Advice for technical speaking
Shamelessly pilfered from Geoff Gordon's advice pageWhen you hear a talk - a good one or a bad one! - think about the presentation as well as the content. Copy what works, and avoid what doesn't. If you see a great talk, examine it and try to figure out what makes it great. If you see a poor talk, examine it and ask yourself if you might make the same mistakes. Some of the most common mistakes are below, but people are really quite creative in coming up with new mistakes, so don't assume this list is complete!
Don't use too many slides. If you have more than one slide per minute, you are definitely using too many. One slide per two minutes is a much more reasonable pace.
Don't read your slides. You do not need to put everything you are going to say up on a slide; that's what speaker notes are for. Save your slides for things that don't work as well with just speech: figures, diagrams, movies, animations, extra emphasis on important concepts. If your slides are just lists of bullets, they should probably be speaker notes and not slides.
Don't put too many pixels on your slides. Use big fonts and contrasting colors. Projectors are notoriously bad at making ochre and mauve actually look different on the screen. If you copy a figure from a paper, ask yourself whether the text labels are big enough to read from the back of the room, and redo them if not.
Don't try and say too much. You can't explain everything you've been going in a semester project in 30 minutes - part of communicating is deciding what to leave out. If you feel like you have to rush to say what you need to say, you're going too fast: the presentation should be relaxed enough that people have a chance to reflect on what you say, and ask questions if they need to.
Talk concretely about your work. People are great at abstracting from examples, but it's hard work for them to think through high-level abstractions. (This is the opposite case from when you're programming a computer - then you always program the most general case possible, and let the computer instantiate it as needed.) When you're talking to a person, start with a concrete problem you want to solve, and then help the person understand how to generalize that concrete problem to the general case.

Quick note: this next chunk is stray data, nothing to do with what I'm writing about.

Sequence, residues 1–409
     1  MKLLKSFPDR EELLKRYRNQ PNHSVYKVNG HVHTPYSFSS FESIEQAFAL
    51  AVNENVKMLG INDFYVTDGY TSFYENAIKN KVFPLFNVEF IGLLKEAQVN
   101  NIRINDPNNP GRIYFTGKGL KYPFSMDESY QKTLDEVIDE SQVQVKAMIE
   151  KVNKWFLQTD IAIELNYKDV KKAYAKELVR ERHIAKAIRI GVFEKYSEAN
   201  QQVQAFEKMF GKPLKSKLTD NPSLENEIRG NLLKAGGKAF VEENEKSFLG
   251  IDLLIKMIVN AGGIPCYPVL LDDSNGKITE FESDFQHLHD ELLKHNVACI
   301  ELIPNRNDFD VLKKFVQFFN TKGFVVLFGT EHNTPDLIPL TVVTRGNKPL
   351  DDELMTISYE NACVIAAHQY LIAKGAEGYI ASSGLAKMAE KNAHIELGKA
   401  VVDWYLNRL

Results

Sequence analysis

View your talk as an advertisement for your paper(s). Your goal is to convince your audience to use your ideas for their own work, so that they cite you and make you famous. Your goal is not to make them understand Equation 43 on page 17 (unless that convinces them to cite you and make you famous). Instead, say what your techniques are good for, why they're important, what the alternatives are, and how to choose when your techniques are appropriate instead of the alternatives. Then and only then, use the rest of the time on technical stuff, with the goal of giving listeners the tools to read your paper. (If you're talking about someone else's work, imagine instead that you're trying to get the audience to trust your evaluation of that work.)
Be honest and diligent. Don't try to cover up flaws or overstate the
applicability of your techniques; instead, try to discover flaws and
limitations and expose them.
Think concretely about your audience. Will they be able to understand
each slide as it comes up? Will they understand why each slide is
important? As a heuristic, I often find it best to prepare the first
version of a talk with
Talk at the right level for your audience. Remember that, almost by definition, you understand the material and they don't, and fight the inclination to go too fast. Be aware of people's cognitive limitations. Don't make your audience figure something out if you don't have to; that will save more processing power for what you want them to focus on. In particular:
Synthesize. The audience should get something out of your talk that they can't get as quickly or easily out of the paper(s). This means: pull together concepts from multiple papers if necessary; compare to related work; communicate your judgement about benefits and limitations of each technique.
Be careful with equations. You can use a limited number of equations if you want to, but make sure that you spend enough time explaining them that the audience truly understands them.
Start and end your talk well:
Don't waste your own time either. Don't spend lots of time designing pretty animations, flying text, etc., unless they will actually help audience comprehension and not distract from your talk. Every second spent animating is a second you don't have for explaining your ideas.